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Googlebot never visits twice the same page

     
8:24 am on Aug 30, 2019 (gmt 0)

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joined:Aug 30, 2019
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Hello-

At one of my site, I am posting daily articles. Googlebot visits the new pages nearly instantaneously , and they appear in the SERP within an hour. This is fine, however, Googlebot never visit these pages again.

I mean, I post new articles, then , once in a while, I update existing articles, with additional content, which results in adding several paragraphs of text. When an article is updated, it's listed again on the front page of my site. But, Googlebot never visit these pages again, and therefor, never index the newly added content.

Am I doing something wrong?

Thank you,
5:22 pm on Aug 30, 2019 (gmt 0)

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No, g just has strange ways of doing things from time to time. (sigh)

After a while they will get around to crawling the older pages, but there's no hard rule for that.

Oddly, I have a different problem in that g keeps hitting all my evergreen pages relentlessly and often does not see new content until two or three crawls later.
6:29 pm on Aug 30, 2019 (gmt 0)

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Googlebot never visit these pages again

Two questions:
1. Are you certain that pages are not visited, I mean do your access logs not show any visits? Over what period of time? I mean is this a total span of two weeks, 6 months, a year?
2. Have you submitted sitemaps and created a GSC account to check for new data?
8:31 pm on Aug 30, 2019 (gmt 0)

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1. Are you certain that pages are not visited, I mean do your access logs not show any visits?

Yes. I wrote a script which is processing the log files, to keep track of all bot activity for each page.

Over what period of time? I mean is this a total span of two weeks, 6 months, a year?

On year, at least. I started looking at it, one year ago, so I have "only" 1 year of data.

2. Have you submitted sitemaps and created a GSC account to check for new data?

yes.
3:23 am on Aug 31, 2019 (gmt 0)

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How certain are you in the reliability of your scripts? How many Googlebot UAs are your scripts tracking and have you updated the UA of your scripts? Are you only tracking certain Googlebot UAs or is it UA and IP? Do any other robots visit your pages?
11:13 am on Aug 31, 2019 (gmt 0)

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never index the newly added content.

An article is indexed once and that's it. Adding new content, I'm assuming to update and add to the information, may help with moving up in the SERP's and keeping a good SERP position, but you don't get a whole new index.
11:56 am on Aug 31, 2019 (gmt 0)

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How certain are you in the reliability of your scripts?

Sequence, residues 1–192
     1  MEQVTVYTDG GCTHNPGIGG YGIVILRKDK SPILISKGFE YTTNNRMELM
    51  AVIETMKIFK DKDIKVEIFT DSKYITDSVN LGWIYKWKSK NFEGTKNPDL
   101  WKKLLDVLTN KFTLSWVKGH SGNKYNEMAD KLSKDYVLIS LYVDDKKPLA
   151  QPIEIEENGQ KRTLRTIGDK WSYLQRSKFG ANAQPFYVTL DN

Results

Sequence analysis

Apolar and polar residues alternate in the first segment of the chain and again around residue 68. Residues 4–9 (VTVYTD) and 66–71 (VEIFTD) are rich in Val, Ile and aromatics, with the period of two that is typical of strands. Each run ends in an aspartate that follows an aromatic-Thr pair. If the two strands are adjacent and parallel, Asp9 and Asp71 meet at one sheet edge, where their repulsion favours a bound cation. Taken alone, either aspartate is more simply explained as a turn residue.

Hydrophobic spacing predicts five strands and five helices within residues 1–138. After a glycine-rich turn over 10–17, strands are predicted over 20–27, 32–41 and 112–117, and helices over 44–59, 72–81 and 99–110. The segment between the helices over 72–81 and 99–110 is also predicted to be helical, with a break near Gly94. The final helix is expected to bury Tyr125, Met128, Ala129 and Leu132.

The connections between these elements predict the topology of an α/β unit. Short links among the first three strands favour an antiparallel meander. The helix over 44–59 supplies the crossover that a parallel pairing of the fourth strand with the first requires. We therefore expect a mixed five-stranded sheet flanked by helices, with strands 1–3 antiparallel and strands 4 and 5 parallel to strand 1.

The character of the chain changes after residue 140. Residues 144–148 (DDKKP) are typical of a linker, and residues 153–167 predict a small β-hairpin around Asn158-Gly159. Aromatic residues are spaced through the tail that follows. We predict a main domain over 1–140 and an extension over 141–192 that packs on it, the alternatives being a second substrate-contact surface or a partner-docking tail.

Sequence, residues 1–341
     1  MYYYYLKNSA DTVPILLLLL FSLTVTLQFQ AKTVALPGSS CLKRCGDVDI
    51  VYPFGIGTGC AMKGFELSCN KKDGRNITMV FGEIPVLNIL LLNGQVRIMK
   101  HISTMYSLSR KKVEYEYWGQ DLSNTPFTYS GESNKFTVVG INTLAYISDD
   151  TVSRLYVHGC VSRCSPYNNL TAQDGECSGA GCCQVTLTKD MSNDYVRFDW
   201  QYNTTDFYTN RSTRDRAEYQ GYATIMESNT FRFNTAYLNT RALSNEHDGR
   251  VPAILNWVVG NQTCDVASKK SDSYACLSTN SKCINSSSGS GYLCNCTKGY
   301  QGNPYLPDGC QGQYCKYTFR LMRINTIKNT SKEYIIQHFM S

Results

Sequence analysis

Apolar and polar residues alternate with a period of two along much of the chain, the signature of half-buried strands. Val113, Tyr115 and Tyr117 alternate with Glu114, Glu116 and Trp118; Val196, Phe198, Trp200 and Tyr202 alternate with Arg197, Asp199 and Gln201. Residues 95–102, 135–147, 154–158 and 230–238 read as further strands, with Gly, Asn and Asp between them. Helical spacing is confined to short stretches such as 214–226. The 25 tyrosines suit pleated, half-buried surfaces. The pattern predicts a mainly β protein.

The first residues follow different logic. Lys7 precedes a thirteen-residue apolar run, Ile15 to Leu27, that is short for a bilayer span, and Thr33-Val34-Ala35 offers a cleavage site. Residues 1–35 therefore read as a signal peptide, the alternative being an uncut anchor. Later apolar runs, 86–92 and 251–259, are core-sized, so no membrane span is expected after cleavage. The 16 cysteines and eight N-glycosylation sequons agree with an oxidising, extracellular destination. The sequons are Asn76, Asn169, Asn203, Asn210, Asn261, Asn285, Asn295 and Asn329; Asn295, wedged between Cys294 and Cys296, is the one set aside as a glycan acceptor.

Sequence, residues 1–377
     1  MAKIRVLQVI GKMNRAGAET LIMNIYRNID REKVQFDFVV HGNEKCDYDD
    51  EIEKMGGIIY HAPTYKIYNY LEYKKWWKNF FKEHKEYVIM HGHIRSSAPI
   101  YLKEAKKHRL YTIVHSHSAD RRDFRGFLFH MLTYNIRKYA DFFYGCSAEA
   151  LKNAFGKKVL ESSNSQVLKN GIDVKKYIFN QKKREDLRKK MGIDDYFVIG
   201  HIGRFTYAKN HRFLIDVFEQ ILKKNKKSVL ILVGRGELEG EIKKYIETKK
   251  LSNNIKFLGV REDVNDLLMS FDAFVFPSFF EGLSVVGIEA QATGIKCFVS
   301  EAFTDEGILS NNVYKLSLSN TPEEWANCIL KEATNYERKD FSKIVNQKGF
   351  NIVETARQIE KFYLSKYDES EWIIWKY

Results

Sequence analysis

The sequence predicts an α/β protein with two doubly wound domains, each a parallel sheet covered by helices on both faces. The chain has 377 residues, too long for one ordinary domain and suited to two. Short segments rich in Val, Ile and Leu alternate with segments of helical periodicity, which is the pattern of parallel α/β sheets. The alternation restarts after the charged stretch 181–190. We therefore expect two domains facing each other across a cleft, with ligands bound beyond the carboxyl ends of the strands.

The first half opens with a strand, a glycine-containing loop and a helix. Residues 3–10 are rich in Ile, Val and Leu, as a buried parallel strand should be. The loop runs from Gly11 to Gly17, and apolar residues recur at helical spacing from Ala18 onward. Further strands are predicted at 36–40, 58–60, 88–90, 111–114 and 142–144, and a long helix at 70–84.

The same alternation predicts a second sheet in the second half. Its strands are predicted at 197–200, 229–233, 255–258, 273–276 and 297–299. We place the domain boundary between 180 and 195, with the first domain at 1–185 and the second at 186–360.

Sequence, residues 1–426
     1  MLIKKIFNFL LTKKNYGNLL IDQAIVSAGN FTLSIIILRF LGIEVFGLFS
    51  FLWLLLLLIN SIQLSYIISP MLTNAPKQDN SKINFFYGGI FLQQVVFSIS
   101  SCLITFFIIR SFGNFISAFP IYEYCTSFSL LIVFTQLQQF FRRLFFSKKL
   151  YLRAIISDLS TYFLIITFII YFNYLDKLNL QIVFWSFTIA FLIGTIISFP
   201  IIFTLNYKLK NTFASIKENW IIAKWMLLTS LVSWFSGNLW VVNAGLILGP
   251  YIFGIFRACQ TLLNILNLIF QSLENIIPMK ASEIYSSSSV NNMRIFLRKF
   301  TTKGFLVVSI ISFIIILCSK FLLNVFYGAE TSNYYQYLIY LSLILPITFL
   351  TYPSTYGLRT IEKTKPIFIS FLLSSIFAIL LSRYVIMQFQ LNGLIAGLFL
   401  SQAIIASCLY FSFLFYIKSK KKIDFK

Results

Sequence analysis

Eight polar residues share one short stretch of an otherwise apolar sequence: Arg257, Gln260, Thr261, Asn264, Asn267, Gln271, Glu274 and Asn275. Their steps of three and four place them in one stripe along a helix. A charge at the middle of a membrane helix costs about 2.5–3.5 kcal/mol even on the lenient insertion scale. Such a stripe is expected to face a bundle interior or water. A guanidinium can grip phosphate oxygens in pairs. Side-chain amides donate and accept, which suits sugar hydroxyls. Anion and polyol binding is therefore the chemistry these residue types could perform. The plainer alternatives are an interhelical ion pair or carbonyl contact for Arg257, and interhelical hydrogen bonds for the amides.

Honestly, I can't think of any weakness of my script. Some are tracking humans, I am tracking bots :-)

How many Googlebot UAs are your scripts tracking and have you updated the UA of your scripts?

It handles all those listed here : [support.google.com...]

Are you only tracking certain Googlebot UAs or is it UA and IP?

I record a hit as bot, when this is the correct UA + correct IP range. I also record, aside, hits from an IP range which is supposed to be from Googlebot, but with a different UA.

Do any other robots visit your pages?

Yes, (Bing, Baidu, and Yandex, I don't track other bots as I do with those)
12:24 pm on Aug 31, 2019 (gmt 0)

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If your robots.txt file is not accidentally blocking their bots' access, I don't know of any other way to keep googlebots from visiting a site. If that happened to one of my sites I would be examining my access logs manually to verify my conclusions.
7:38 pm on Aug 31, 2019 (gmt 0)

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The idea of the Googlebot--or, for that matter, any search-engine spider--visiting a page just once and then never again is so wildly improbable that we really need to find an alternative explanation. Obviously the first candidate is the log-processing function. Pull up a week or so of logs and use a text editor to search for something simple like
^66\.249\.[67]\d.+?GET /pagename
I tried this myself just to confirm that I have pages which get more search-engine visits than humans. (How I wish there were a meta called something like "archived", telling search engines that this content will never change significantly so you don't need to keep crawling it!)

Can we assume that each of your pages has at least some dynamic content? Doesn't have to be the whole page; a single php include will do. I bring this up because one grasping-at-straws explanation is that 100% hard-coded pages will generally return a 304, and perhaps your log-processing script ignores those.
 

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